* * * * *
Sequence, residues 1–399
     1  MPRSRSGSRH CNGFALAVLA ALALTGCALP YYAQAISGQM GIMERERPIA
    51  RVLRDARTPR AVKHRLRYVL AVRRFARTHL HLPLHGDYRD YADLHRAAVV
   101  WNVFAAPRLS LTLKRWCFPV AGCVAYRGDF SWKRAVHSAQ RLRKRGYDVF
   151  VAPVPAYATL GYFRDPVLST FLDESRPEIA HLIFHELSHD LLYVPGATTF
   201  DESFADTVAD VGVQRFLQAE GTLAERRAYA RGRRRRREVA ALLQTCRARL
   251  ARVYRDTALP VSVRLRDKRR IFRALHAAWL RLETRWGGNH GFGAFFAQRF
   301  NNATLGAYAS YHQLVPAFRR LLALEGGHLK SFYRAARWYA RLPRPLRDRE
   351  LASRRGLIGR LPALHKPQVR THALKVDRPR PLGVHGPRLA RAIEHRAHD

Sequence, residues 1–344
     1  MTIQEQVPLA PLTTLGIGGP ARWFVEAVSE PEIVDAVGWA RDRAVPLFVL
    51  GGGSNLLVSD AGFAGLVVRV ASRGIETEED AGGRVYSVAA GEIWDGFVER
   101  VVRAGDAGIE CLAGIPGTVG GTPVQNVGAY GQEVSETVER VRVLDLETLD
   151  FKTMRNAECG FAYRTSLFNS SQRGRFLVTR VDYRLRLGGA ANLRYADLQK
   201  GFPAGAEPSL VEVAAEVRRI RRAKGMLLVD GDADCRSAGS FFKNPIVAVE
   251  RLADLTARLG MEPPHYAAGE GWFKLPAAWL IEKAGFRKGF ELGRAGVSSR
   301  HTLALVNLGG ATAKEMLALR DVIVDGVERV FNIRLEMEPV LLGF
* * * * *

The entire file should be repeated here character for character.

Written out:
Sequence, residues 1–399
     1  MPRSRSGSRH CNGFALAVLA ALALTGCALP YYAQAISGQM GIMERERPIA
    51  RVLRDARTPR AVKHRLRYVL AVRRFARTHL HLPLHGDYRD YADLHRAAVV
   101  WNVFAAPRLS LTLKRWCFPV AGCVAYRGDF SWKRAVHSAQ RLRKRGYDVF
   151  VAPVPAYATL GYFRDPVLST FLDESRPEIA HLIFHELSHD LLYVPGATTF
   201  DESFADTVAD VGVQRFLQAE GTLAERRAYA RGRRRRREVA ALLQTCRARL
   251  ARVYRDTALP VSVRLRDKRR IFRALHAAWL RLETRWGGNH GFGAFFAQRF
   301  NNATLGAYAS YHQLVPAFRR LLALEGGHLK SFYRAARWYA RLPRPLRDRE
   351  LASRRGLIGR LPALHKPQVR THALKVDRPR PLGVHGPRLA RAIEHRAHD

Sequence, residues 1–344
     1  MTIQEQVPLA PLTTLGIGGP ARWFVEAVSE PEIVDAVGWA RDRAVPLFVL
    51  GGGSNLLVSD AGFAGLVVRV ASRGIETEED AGGRVYSVAA GEIWDGFVER
   101  VVRAGDAGIE CLAGIPGTVG GTPVQNVGAY GQEVSETVER VRVLDLETLD
   151  FKTMRNAECG FAYRTSLFNS SQRGRFLVTR VDYRLRLGGA ANLRYADLQK
   201  GFPAGAEPSL VEVAAEVRRI RRAKGMLLVD GDADCRSAGS FFKNPIVAVE
   251  RLADLTARLG MEPPHYAAGE GWFKLPAAWL IEKAGFRKGF ELGRAGVSSR
   301  HTLALVNLGG ATAKEMLALR DVIVDGVERV FNIRLEMEPV LLGF